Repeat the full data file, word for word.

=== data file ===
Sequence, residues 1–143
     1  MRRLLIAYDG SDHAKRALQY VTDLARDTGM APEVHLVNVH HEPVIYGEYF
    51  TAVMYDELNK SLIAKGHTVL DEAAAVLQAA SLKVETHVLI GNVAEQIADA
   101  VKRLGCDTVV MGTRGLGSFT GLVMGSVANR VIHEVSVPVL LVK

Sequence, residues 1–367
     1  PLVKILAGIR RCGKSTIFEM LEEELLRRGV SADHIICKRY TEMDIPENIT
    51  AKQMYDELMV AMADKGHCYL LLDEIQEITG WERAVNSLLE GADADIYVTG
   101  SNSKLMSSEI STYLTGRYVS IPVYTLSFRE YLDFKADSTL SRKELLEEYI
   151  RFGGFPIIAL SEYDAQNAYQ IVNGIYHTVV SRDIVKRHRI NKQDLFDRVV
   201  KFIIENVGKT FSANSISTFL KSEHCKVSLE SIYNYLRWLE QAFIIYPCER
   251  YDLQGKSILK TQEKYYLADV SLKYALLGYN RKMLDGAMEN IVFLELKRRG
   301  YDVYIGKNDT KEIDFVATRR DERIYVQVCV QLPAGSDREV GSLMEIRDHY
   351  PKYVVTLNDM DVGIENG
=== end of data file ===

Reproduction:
Sequence, residues 1–143
     1  MRRLLIAYDG SDHAKRALQY VTDLARDTGM APEVHLVNVH HEPVIYGEYF
    51  TAVMYDELNK SLIAKGHTVL DEAAAVLQAA SLKVETHVLI GNVAEQIADA
   101  VKRLGCDTVV MGTRGLGSFT GLVMGSVANR VIHEVSVPVL LVK

Sequence, residues 1–367
     1  PLVKILAGIR RCGKSTIFEM LEEELLRRGV SADHIICKRY TEMDIPENIT
    51  AKQMYDELMV AMADKGHCYL LLDEIQEITG WERAVNSLLE GADADIYVTG
   101  SNSKLMSSEI STYLTGRYVS IPVYTLSFRE YLDFKADSTL SRKELLEEYI
   151  RFGGFPIIAL SEYDAQNAYQ IVNGIYHTVV SRDIVKRHRI NKQDLFDRVV
   201  KFIIENVGKT FSANSISTFL KSEHCKVSLE SIYNYLRWLE QAFIIYPCER
   251  YDLQGKSILK TQEKYYLADV SLKYALLGYN RKMLDGAMEN IVFLELKRRG
   301  YDVYIGKNDT KEIDFVATRR DERIYVQVCV QLPAGSDREV GSLMEIRDHY
   351  PKYVVTLNDM DVGIENG